Gary and Wanda at Ballyallinan Bridge Wanda casts a true line Gary works up the Maigue A Flyfisher Called Wanda!
Out with Gig Codiga and daughter Kristin today.....very low water on both the Maigue and Deel made for challenging flyfishing. No fish moving on the Maigue where we spent the morning but the Deel at Kilcoole had some fish active.....though none were forthcoming, 'nuff said'. Pics below, click to enlarge.
Gig Codiga Kristin Codiga Kristin Codiga Kristin, Gayle and Gig Codiga
Guiding Jim DiBiase from Pennsylvania today, Jim is holidaying in Ireland with his wife Christin, son and daughter. Jim heads up a guiding outfit back home in the USA, www.laurelhighlandsguideservices.com , he and 5 other guides fish the unpronounceable Youghiogheny River, mainly driftfishing with fly/nymph for smallmouth Bass. Jim had only a few hours as he was heading for the Cliffs of Moher with his family. We tried the Deel first at Kilcoole where Jim had several rises to a BWO and small Greenwells, we then hurried back to fish the Maigue at Adare where he had numerous offers , this time to the wetfly. Delightful company, it's always interesting to spend time with a fellow-guide and see how his operation runs, Jim hopes to come back again, next time hopefully we won't be hurrying about, Pics below, click for larger
Jim DiBiase meets the 'locals' and lands a wee brownie Jim with Kilcoole bridge and Himylayan Balsam in background
Had an introduction to flyfishing with Kilfinny-based John Lordan and dad Barry, we just had 3 hours before tide arrived at Adare, great company both.
John and Barry Lordan on the Maigue at Adare
Killian Ambrose from Ardagh did his Junior Cert this year and I had promised him some time ago that I'd introduce him to flyfishing, we finally got round to it today. Killian is a fine young man, he'd have to be, his grandfather was the late Jack 'Beth' Enright, a legend both on and off the hurling field. Killian likes the hurling, soccer and fishing, an all-round sportsman, he took to flyfishing in no time, quick on the uptake he had his first fish on the fly within an hour of starting and continued with 2 more, rounding off with a Rudd. All fish were sportingly returned, testimony to the conservation-minded outlook of this new recruit to flyfishing, the future is safe if fishing is in the hands of the Killians of this World, Pics below, click to enlarge.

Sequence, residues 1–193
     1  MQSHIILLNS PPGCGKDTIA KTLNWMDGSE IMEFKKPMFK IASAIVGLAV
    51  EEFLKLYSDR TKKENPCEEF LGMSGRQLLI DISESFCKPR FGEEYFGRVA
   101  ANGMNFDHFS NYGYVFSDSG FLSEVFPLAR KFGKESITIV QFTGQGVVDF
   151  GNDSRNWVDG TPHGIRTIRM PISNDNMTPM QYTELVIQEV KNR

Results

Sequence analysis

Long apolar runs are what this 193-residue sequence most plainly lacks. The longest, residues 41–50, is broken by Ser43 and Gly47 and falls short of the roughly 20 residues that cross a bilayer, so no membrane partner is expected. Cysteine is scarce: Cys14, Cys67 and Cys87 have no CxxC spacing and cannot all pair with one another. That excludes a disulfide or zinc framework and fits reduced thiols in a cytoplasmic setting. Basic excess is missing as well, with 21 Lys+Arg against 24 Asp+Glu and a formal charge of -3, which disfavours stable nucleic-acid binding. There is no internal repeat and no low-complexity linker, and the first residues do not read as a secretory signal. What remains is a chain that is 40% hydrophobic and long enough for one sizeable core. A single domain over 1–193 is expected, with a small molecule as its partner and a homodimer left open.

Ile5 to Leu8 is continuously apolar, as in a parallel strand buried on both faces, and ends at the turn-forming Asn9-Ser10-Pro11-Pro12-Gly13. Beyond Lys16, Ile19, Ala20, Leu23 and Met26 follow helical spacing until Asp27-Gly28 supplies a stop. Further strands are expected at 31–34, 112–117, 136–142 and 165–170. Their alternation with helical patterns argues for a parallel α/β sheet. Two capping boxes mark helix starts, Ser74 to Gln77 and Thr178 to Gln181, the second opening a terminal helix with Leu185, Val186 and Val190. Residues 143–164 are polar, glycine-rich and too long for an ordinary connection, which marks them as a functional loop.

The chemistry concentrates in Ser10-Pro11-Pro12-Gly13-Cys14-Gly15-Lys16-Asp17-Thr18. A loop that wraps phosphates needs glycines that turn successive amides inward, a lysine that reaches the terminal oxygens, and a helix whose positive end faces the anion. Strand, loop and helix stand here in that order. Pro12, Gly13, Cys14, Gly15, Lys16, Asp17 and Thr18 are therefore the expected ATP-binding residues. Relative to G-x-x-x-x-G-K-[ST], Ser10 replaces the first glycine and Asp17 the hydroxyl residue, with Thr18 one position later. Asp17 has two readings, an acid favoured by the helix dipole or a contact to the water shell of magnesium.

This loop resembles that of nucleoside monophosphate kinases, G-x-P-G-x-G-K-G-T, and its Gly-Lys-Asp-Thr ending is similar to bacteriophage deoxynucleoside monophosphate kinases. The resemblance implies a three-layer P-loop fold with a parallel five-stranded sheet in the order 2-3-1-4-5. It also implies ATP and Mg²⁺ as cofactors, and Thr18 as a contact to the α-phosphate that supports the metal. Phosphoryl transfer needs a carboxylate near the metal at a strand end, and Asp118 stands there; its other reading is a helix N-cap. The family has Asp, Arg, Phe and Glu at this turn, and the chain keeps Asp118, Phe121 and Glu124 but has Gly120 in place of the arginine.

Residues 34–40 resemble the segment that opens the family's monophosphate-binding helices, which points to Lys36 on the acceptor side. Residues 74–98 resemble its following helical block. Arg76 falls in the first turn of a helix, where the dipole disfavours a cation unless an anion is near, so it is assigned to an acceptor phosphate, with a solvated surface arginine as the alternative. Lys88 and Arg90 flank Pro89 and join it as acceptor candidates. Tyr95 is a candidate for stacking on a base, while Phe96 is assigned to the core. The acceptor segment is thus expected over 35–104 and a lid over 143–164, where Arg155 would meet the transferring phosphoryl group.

PS Although there's now a Bye-Law prohibiting worm fishing on the Deel and Maigue, 2 anglers were obviously doing so during our time on the river, poetic justice prevailed however and a young complete newcomer to flyfishing wiped the floor with them, getting 4 fish to their none, testimony to the effectiveness and acceptance of flyfishing as a sporting and sustainable pursuit. Killian 4 Wormers 0. Way to go Boy!!!
Killian hooks his first ever trout on the fly ... and here's his prize .....................yet another and rounds off with a Rudd
Eunice 'Nici' McCormick Singletary is here with her husband for a conference at Adare Manor and took time out to fish with me on what is a still very low Maigue today. Nici loves her flyfishing back home in Montana on the Gallatin River. She hadn't done much upstream work though and today was an opportunity to learn to cope with a quite strong downstream wind, she also learnt to gather and shoot line and we rounded off with some roll-casting. Delightful company and I hope she learnt something to take back to her beloved Gallatin, Pic below.
Eunice 'Nici' McCormick Singletary on the Maigue